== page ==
The Atlantic Cities: What Real Respect for Bicyclists Looks Like
Drivers, cyclists, and pedestrians all compete for space and safety on the streets and roads of the world’s cities and suburbs. It’s a contentious and sometimes ugly coexistence, which is why so many government agencies and advocacy groups periodically mount public-awareness campaigns with messages like “share the road” or “don’t be a jerk” or “respect other road users.”
In the end, those are just words. The ultimate form of respect for any road user is properly designed infrastructure that allows that a person to travel with comfort and safety using their preferred mode. In the United States, it’s clear who gets real respect (and infrastructure spending) on a regular basis. That would be the people driving cars.
The platform approved by Republicans on Tuesday calls for the elimination of funding for Amtrak passenger rail service, private airport security screening and stopping the use of money earmarked for highway construction for other purposes.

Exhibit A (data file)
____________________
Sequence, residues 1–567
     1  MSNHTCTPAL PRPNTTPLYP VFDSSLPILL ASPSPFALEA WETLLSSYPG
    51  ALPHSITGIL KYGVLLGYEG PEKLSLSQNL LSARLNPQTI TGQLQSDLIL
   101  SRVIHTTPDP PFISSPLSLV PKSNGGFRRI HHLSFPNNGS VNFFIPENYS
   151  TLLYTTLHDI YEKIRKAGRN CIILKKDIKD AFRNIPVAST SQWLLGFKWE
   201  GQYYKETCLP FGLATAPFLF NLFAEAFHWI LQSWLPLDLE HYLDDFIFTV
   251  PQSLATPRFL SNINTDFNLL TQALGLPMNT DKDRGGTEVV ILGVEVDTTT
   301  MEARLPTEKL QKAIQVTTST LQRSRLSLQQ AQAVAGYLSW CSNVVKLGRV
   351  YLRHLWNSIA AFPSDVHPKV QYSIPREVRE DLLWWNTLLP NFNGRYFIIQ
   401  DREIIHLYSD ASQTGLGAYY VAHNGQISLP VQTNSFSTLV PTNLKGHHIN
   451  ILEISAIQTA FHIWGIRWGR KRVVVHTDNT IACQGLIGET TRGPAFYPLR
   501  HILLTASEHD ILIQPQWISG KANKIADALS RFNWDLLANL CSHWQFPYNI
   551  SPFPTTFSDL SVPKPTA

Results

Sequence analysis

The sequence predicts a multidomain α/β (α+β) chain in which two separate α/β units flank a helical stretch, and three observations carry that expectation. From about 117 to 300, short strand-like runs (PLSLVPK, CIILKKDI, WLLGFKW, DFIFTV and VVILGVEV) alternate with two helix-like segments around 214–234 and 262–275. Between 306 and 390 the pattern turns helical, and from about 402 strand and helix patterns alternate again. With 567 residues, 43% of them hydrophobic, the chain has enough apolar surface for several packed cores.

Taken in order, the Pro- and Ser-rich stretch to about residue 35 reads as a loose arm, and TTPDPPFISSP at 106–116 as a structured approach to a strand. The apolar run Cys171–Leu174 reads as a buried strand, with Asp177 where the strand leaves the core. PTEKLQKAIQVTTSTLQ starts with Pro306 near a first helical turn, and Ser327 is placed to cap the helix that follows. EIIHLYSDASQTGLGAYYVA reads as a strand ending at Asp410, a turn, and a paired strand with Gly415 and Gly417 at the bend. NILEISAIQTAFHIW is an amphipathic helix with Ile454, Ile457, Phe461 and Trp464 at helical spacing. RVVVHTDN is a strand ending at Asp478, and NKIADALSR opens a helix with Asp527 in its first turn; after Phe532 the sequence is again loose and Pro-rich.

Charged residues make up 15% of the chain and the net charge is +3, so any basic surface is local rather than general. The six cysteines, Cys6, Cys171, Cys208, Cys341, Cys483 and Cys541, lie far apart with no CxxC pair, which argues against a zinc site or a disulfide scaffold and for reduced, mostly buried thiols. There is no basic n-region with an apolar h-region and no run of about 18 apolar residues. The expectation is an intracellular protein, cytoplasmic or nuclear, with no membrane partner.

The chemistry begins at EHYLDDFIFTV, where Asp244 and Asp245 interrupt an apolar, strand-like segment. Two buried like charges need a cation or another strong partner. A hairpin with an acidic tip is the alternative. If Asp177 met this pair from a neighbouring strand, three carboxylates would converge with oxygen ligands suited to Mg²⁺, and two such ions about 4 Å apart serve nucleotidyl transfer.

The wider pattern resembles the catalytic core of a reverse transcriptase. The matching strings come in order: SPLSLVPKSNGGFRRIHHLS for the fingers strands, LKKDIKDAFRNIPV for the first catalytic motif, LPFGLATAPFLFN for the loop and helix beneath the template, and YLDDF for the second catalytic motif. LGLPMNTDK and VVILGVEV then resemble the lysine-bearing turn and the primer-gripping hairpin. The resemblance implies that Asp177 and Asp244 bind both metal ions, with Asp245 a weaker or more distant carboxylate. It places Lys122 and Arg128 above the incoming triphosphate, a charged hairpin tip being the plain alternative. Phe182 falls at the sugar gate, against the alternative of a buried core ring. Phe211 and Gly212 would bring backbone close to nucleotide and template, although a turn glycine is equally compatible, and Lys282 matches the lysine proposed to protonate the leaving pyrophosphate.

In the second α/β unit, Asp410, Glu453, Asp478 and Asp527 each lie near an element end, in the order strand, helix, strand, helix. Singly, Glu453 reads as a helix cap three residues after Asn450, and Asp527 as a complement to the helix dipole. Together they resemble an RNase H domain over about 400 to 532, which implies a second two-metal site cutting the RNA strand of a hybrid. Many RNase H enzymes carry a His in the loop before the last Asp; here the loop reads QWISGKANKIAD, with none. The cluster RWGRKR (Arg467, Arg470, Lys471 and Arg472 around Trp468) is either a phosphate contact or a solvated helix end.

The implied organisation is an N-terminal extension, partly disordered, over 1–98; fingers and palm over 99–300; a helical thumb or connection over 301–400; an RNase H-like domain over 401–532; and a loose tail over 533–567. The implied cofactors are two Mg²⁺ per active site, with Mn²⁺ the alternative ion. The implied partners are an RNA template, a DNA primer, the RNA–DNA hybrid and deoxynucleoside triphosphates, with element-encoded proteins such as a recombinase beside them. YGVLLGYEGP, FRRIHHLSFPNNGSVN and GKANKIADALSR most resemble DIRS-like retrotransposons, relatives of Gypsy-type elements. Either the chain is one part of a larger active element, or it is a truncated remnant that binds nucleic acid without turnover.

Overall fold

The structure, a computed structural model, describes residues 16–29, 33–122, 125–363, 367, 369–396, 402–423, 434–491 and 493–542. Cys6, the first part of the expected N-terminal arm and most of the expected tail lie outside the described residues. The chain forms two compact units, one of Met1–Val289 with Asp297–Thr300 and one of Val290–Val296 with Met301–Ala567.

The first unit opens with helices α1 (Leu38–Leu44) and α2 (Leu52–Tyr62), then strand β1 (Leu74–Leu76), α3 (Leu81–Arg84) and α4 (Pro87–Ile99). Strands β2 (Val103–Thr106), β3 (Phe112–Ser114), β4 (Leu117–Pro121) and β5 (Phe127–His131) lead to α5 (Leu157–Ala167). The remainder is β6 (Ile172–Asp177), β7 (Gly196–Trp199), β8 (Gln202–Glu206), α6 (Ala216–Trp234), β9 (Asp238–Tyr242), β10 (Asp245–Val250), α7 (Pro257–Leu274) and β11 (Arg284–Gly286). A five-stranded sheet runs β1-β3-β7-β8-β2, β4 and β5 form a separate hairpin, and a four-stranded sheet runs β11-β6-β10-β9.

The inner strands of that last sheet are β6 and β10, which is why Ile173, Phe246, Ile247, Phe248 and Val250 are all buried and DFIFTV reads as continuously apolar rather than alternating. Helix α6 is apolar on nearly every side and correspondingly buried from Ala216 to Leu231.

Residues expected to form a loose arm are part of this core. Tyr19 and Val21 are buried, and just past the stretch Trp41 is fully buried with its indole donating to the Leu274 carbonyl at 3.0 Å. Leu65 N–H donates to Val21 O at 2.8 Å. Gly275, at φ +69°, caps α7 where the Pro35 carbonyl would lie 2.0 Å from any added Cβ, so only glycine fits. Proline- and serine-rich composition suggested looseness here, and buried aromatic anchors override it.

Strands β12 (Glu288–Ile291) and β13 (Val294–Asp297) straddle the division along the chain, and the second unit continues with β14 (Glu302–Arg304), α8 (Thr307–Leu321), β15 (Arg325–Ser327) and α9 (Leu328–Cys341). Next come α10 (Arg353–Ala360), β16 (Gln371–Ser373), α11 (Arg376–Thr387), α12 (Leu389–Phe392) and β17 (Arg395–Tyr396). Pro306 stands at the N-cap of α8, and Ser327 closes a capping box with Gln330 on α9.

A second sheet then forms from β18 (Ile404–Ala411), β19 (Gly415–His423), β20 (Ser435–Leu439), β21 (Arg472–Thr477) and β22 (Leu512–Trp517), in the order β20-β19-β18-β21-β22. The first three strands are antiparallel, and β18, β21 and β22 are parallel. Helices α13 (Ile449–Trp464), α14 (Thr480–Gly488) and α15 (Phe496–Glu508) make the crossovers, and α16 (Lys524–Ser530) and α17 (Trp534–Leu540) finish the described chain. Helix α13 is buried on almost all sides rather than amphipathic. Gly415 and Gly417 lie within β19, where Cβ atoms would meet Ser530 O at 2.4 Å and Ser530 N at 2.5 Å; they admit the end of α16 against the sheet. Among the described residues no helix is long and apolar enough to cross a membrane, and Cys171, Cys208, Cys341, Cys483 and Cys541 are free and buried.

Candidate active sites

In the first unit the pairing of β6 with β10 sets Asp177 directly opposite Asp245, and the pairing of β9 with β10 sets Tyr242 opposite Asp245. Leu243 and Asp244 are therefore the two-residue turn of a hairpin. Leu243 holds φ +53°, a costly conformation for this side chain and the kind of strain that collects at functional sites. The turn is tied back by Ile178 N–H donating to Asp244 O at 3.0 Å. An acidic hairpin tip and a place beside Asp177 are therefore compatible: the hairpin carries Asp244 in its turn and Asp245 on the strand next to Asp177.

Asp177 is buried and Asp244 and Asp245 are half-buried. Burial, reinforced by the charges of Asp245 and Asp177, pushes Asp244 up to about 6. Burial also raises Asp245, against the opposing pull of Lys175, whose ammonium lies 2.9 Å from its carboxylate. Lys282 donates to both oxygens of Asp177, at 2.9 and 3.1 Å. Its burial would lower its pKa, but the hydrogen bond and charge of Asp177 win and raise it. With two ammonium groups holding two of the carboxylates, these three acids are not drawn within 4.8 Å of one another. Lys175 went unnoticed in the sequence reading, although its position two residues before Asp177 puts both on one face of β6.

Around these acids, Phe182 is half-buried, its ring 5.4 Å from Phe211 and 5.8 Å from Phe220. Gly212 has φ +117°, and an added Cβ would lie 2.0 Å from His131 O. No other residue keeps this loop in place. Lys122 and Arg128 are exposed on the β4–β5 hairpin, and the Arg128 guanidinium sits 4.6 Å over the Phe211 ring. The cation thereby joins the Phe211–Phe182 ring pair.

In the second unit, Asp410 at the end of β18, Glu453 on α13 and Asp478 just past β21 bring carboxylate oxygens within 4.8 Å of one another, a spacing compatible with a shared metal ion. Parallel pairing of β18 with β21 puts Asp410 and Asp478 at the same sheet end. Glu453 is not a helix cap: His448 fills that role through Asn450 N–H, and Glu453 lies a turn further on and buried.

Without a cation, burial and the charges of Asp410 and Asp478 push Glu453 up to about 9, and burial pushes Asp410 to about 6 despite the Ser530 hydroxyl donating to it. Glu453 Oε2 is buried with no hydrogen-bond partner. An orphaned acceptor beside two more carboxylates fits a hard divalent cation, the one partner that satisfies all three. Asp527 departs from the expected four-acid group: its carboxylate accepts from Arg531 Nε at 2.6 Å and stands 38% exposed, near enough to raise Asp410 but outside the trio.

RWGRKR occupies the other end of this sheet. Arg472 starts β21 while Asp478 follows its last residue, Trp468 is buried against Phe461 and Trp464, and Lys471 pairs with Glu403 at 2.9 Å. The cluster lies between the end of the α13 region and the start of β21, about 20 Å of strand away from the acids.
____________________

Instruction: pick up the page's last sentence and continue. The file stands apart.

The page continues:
The more than 30,000-word document was approved on the first full day of the 2012 GOP convention in Tampa, Fla. It includes many provisions that were pushed by Republicans in the House during recent negotiations over the new $105 billion transportation bill that was approved by lawmakers in June.
Among them are reducing environmental regulations to expedite construction projects and using more money that is earmarked for transportation for road and highway projects, rather than other forms of transportation such as public transit or bicycling and pedestrian programs.
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